The pump housing 13 is secured to the underside of the installation housing 4 and has a projecting connector 16 that extends upwards through the opening 25 in the installation housing 4, so that the connecting line 19 can be installed once the pump 9 and the centrifuge 5 have been secured. A central suction pipe 14 extends downwards from the pump housing 13; in its upper part this tapers conically; in the middle it is cylindrical; and in the bottom part it has openings around its periphery. A protective screen 15 is fixed at least to the side of the mixture inlet 2 on the suction pipe 14. The pump 9 incorporates an impeller wheel 17 that comprises a hub 41 that is mounted on the drive shaft 46, vanes 42 that extend radially from this, and a hollow truncated cone 18 that extends downwards into the conical part of the suction pipe 14. The hollow truncated cone 18 is secured to the lower narrow side of the vanes 42 that project axially downward beyond the hub 41. The diameter of the hub 41, the lower surface of which is conical, is approximately the same as the maximum diameter of the truncated hollow cone 18. Slits 43 are formed between the vanes 42 through the mounting of the truncated hollow cone 18 on the vanes 42, between the hub 41 and the upper edge of the truncated hollow cone 18, and these force the liquid that is sucked out of the settling tank into the circulating chamber 45 that is formed in the pump housing 13.

Patent Citations
Cited PatentFiling datePublication dateApplicantTitle
US4564374 *Sep 21, 1983Jan 14, 1986Durr-Dental Gmbh & Co. KgDevice for incorporation in dental suction apparatuses for separation of liquid and solid components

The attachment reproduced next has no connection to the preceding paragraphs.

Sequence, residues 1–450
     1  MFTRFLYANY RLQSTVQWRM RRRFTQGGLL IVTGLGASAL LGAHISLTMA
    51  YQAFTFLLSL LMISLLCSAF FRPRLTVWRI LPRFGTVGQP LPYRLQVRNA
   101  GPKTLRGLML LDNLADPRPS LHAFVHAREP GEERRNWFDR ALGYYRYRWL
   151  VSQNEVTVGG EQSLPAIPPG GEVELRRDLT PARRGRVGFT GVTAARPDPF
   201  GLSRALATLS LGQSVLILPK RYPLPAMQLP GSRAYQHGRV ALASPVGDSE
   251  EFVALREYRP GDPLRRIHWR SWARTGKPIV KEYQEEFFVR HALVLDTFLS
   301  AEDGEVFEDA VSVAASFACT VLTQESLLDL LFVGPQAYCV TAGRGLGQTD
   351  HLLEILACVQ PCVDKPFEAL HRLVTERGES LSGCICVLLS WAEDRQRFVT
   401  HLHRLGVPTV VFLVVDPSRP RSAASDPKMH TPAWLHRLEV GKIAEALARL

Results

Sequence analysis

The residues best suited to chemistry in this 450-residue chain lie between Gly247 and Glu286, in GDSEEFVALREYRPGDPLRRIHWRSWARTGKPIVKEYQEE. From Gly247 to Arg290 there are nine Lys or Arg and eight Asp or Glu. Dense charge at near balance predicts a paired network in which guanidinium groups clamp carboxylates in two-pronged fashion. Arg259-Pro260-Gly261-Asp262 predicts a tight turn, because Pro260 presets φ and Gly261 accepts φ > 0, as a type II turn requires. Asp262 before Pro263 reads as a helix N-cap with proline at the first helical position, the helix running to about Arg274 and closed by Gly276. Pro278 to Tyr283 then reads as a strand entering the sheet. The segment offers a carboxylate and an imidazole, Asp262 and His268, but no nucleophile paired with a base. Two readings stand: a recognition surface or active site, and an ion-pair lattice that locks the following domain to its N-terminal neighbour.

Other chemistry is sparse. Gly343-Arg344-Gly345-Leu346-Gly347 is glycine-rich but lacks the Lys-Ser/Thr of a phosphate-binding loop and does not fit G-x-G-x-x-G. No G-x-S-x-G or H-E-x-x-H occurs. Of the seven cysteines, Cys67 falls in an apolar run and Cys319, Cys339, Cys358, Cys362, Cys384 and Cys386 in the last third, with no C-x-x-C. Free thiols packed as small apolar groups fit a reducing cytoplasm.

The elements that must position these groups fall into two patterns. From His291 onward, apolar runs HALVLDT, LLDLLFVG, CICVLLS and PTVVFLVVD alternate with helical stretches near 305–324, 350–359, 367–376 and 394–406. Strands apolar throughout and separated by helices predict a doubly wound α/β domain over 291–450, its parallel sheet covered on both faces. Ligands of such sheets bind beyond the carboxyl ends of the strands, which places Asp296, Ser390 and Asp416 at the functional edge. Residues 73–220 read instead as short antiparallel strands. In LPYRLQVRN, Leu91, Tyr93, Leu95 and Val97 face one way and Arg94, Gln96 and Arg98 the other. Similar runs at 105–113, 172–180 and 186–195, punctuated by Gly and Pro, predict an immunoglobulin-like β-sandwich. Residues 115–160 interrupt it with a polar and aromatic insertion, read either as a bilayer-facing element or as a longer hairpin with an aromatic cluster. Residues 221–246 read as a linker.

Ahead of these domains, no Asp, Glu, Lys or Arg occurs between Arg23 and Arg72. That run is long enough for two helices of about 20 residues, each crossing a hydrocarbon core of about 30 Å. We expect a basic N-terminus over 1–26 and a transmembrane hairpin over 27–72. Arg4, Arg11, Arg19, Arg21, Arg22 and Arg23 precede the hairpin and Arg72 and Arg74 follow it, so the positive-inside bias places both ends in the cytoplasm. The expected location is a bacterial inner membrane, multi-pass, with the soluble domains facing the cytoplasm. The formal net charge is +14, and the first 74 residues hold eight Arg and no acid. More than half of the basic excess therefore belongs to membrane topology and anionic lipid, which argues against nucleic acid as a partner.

US4753632 *Nov 25, 1986Jun 28, 1988Durr Dental Gmbh & Co KgDevice for separating fine particles of solid matter from waste fluid
US5018971 *Jun 22, 1989May 28, 1991Trawoeger WernerSeparator
DE3231272A1 *Aug 23, 1982Feb 23, 1984Siemens AgZahnaerztliche absaugeinrichtung
DE3601254A1 *Jan 17, 1986Jul 23, 1987Duerr Dental Gmbh Co KgZahnaerztliche absaugeinrichtung
DE8702001U1 *Feb 10, 1987Mar 26, 1987Trawoeger, Werner, Innsbruck, AtTitle not available
EP0224232A2 *Nov 24, 1986Jun 3, 1987Dürr-Dental GmbH & Co. KGSolid bowl centrifuge for the separation of small solids particles
EP0300439A2 *Jul 20, 1988Jan 25, 1989Dürr-Dental GmbH & Co. KGSeparating device for small solid particles
EP0400431A2 *May 19, 1990Dec 5, 1990Dürr-Dental GmbH & Co. KGSeparation unit
SE427988B * Title not available
WO1986003669A1 *Dec 16, 1985Jul 3, 1986Bruno PregenzerSeparator
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Referenced by
Citing PatentFiling datePublication dateApplicantTitle
US5788852 *Apr 18, 1997Aug 4, 1998Mescon; Howard MichaelProcess for preventing accumulation of contaminants in dental suction systems